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© Copyright 2016, John Crosley/Crosley Trust, All Rights Reserved, No reproduction or other use without prior express permission from copyright holder

'The Wing De-Icer at Work'


Software: Adobe Photoshop CC 2015 (Windows)


© Copyright 2016, John Crosley/Crosley Trust, All Rights Reserved, No reproduction or other use without prior express permission from copyright holder

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This is a airline wing de-icer at work spraying its anti-freeze liquid over the wing of

an Airbus jumbo passenger jet when the outdoor temperature is just a degree below

freezing. Ice formations at any temperature may change the shape of the wing, alter

its lift characteristics, and ultimately cause the pilots to make wrong decisions

leading to a crash on take-off and climb-out, so wings must be freed of even the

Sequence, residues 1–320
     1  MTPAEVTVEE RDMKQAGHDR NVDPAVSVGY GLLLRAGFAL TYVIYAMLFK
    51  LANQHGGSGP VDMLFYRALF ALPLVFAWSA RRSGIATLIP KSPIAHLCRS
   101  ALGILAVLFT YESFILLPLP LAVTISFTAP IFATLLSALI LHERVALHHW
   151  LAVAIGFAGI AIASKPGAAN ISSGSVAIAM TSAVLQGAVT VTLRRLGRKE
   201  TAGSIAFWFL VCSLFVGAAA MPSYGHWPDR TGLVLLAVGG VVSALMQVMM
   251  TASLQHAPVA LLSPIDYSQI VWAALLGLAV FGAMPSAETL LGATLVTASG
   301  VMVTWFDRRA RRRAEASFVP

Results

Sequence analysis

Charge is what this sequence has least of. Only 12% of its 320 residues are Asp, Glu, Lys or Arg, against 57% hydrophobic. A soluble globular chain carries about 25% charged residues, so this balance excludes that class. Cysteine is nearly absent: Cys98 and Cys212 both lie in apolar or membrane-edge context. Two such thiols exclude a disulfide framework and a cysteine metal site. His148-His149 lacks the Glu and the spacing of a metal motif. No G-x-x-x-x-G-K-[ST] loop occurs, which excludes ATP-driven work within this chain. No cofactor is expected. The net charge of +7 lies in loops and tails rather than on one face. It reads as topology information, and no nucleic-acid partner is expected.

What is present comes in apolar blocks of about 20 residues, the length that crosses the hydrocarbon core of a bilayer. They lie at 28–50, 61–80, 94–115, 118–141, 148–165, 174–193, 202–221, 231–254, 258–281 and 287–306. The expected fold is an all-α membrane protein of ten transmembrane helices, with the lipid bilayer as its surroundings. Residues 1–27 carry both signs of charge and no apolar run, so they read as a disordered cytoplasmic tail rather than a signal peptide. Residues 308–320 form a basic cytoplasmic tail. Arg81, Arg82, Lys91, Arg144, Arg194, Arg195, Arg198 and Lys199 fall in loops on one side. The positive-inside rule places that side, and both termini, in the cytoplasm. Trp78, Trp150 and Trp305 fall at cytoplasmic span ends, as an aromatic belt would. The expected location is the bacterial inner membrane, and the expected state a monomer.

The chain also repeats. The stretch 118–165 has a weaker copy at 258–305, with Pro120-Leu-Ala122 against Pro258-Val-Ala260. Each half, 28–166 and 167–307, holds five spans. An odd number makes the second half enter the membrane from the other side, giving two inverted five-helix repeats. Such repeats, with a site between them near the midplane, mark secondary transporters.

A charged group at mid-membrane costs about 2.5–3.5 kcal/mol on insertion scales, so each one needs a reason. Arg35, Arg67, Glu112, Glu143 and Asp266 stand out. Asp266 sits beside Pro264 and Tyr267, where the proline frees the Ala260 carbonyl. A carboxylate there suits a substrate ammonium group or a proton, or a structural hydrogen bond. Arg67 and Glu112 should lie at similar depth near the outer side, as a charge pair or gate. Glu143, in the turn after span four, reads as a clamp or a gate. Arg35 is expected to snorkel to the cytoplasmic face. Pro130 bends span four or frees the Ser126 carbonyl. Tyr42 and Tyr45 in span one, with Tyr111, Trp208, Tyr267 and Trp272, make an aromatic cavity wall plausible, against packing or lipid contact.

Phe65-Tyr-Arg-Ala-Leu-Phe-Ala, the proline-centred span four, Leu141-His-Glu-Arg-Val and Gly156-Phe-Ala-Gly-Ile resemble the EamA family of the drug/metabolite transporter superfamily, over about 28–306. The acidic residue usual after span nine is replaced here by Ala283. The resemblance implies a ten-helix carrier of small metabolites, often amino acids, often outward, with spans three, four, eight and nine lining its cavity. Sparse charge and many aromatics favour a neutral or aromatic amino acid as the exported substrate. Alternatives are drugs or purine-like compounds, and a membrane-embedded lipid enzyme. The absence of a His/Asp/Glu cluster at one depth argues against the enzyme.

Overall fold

chance of ice and/or snow just prior to take-off. Your ratings, critiques, and

remarks are invited and most welcome. If you rate harshly, very critically, or wish to

make an observation, please submit a helpful and constructive comment; please

share your photographic knowledge to help improve my photography. Thanks!

Enjoy! john (Crosley)

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What are the odds I'd be sitting in the row exactly over the wing which had absolutely the best view making the best composition (my view) of the wing and the de-icing machine as it began to work on this huge Airbus A300 jumbo jet which carries hundreds of passengers?